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Jewish Festivals
Shavuot


    This festival is also known as the Feast of Weeks or Pentecost. The festival falls exactly fifty days after Passover. This is why it is called "Pentecost" meaning fiftieth.

    The festival usually falls in May or early June. The festival originally marked the end of the barley harvest and the first fruits were offered to God in the Temple. Later on it also was to celebrate the giving of the Ten Commandments at Mount Sinai to Moses.

    The synagogue is decorated with flowers and a special service is held.

    Usually the foods that are eaten at Shavuot are dairy foods. The first meal of the day is based on milk and cheese and cream. The second meal meat.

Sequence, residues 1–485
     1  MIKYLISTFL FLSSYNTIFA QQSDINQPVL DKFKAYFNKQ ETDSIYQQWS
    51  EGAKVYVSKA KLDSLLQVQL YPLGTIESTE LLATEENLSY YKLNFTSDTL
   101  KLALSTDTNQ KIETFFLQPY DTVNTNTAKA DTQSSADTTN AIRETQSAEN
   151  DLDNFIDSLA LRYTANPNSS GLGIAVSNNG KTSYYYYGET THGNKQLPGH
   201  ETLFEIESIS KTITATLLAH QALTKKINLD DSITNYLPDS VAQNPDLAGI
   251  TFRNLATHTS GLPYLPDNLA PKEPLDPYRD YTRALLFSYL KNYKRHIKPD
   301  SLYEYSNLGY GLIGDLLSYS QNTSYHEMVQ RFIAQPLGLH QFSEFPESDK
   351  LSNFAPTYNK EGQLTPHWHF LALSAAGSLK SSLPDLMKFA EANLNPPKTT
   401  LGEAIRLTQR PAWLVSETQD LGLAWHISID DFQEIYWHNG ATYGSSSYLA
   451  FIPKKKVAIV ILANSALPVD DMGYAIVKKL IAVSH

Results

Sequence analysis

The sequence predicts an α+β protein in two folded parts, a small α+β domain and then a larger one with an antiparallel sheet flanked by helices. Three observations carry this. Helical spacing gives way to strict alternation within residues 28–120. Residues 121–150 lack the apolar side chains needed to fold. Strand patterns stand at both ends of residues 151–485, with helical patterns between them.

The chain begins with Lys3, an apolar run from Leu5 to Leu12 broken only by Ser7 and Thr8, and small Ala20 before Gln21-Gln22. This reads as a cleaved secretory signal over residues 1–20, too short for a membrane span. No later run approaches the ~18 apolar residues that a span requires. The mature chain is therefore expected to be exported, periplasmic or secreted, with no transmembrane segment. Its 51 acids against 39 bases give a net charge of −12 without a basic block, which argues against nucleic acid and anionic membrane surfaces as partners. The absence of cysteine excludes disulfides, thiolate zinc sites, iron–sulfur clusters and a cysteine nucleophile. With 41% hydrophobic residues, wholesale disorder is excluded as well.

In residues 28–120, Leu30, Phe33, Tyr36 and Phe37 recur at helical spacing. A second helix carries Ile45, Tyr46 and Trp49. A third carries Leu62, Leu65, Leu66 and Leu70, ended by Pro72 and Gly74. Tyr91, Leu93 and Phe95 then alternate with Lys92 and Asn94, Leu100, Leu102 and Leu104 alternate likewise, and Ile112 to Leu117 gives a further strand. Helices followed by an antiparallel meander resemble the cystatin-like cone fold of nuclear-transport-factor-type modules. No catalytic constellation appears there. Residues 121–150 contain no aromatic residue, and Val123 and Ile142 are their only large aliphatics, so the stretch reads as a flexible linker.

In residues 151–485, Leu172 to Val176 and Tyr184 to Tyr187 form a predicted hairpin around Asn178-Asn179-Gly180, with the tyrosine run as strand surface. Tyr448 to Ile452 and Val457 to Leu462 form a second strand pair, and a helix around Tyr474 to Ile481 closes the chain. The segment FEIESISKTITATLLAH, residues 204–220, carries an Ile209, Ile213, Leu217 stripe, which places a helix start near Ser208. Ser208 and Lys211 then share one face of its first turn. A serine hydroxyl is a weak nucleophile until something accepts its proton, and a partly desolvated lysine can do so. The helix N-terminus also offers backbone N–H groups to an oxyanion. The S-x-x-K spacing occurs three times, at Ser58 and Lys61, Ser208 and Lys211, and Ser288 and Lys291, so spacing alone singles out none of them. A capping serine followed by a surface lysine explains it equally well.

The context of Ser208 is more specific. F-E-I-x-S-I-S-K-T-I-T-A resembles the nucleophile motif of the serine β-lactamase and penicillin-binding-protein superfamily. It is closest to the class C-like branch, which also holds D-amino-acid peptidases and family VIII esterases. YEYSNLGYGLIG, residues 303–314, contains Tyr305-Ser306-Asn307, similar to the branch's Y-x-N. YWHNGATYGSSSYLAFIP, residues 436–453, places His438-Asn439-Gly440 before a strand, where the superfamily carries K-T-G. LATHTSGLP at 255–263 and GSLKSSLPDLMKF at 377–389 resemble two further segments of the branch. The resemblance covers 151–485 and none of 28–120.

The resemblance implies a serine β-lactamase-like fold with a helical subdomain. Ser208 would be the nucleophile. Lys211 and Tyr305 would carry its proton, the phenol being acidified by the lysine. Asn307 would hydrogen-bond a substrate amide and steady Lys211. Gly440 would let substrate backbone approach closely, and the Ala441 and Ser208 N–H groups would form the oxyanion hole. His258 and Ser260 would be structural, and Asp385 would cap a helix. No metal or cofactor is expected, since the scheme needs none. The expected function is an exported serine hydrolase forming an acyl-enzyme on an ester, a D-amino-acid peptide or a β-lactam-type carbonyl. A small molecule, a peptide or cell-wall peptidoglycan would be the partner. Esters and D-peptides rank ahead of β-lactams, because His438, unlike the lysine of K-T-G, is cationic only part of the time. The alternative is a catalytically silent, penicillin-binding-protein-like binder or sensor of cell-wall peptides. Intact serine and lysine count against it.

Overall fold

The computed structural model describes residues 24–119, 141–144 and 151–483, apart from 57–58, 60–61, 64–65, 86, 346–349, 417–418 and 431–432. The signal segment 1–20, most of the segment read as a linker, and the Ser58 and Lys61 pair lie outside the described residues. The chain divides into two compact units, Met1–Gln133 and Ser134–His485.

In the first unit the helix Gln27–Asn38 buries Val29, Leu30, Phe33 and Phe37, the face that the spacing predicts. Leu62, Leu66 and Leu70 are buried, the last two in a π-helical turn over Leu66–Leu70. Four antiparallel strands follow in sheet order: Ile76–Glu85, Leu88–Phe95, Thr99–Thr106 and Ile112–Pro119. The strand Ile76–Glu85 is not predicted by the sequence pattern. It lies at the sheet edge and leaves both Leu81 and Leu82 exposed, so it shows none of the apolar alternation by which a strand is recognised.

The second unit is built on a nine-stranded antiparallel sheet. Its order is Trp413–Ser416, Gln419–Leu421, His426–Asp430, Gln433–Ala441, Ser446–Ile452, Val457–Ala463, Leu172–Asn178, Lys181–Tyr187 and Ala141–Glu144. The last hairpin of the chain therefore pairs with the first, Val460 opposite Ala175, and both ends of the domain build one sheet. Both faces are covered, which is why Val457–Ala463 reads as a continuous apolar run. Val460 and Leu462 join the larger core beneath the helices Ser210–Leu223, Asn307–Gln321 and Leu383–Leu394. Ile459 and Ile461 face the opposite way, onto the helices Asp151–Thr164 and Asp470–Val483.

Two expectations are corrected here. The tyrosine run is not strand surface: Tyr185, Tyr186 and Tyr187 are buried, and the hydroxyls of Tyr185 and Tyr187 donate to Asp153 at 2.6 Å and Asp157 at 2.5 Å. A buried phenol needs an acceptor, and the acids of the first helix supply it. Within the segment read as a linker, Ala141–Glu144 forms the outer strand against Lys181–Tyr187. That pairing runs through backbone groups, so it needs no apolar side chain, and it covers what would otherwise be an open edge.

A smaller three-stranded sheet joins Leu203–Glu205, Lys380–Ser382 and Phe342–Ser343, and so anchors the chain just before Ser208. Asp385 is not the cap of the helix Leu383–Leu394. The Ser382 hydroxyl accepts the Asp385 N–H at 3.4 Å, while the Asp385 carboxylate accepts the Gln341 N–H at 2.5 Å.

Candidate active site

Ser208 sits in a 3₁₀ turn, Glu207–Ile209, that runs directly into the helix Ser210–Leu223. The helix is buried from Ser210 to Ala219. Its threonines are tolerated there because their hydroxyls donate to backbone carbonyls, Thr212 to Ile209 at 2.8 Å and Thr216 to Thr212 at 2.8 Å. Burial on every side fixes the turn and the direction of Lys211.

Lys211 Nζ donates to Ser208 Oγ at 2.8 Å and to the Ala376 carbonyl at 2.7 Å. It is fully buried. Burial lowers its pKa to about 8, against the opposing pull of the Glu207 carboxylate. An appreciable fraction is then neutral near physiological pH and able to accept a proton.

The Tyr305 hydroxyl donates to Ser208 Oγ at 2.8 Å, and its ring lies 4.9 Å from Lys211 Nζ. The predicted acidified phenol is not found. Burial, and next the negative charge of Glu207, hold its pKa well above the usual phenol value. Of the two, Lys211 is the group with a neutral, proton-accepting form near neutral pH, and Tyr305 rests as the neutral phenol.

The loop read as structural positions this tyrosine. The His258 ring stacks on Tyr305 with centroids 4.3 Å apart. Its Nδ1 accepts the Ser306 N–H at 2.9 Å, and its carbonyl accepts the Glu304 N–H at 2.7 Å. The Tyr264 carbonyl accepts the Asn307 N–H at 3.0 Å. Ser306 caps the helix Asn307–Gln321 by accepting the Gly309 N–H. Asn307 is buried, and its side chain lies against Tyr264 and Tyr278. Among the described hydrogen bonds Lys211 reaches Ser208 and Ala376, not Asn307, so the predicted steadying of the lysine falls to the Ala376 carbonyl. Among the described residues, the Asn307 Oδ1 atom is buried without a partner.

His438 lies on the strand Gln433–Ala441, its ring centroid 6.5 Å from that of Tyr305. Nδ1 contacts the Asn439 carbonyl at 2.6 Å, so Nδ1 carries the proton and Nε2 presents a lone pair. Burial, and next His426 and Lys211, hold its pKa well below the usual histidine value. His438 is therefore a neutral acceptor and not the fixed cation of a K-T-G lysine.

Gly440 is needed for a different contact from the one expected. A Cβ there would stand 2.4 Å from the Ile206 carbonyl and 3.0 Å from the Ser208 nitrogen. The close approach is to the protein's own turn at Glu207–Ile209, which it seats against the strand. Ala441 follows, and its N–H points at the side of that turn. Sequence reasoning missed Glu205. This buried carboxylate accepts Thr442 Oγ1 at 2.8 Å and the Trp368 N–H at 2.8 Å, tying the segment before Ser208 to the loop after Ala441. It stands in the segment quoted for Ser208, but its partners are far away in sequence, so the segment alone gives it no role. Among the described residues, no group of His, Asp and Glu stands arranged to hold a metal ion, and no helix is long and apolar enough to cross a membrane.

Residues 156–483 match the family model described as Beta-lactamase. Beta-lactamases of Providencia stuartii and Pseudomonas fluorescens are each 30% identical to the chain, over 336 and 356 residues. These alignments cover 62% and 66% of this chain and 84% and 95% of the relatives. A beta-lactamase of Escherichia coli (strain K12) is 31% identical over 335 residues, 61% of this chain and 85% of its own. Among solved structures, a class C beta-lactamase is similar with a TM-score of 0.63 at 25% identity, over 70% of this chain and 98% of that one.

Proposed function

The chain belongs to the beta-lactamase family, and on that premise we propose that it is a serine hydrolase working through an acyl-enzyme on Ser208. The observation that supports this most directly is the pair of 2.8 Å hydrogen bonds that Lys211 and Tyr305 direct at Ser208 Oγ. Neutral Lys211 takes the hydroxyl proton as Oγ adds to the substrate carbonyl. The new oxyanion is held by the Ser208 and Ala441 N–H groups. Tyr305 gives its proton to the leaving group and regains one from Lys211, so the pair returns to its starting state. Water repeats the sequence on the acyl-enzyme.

Dairy products are in abundance as the goats, sheep and cows are all able to graze on the new spring grass therefore producing more milk.

    Some experts say that they did not eat but fasted before they received the Ten Commandments and so therefore they were very hungry and instead of taking time to prepare a meal they drank milk.

    Another reason was that when they returned to the camp their milk had turned sour and separated which is the first step in cheese-making.


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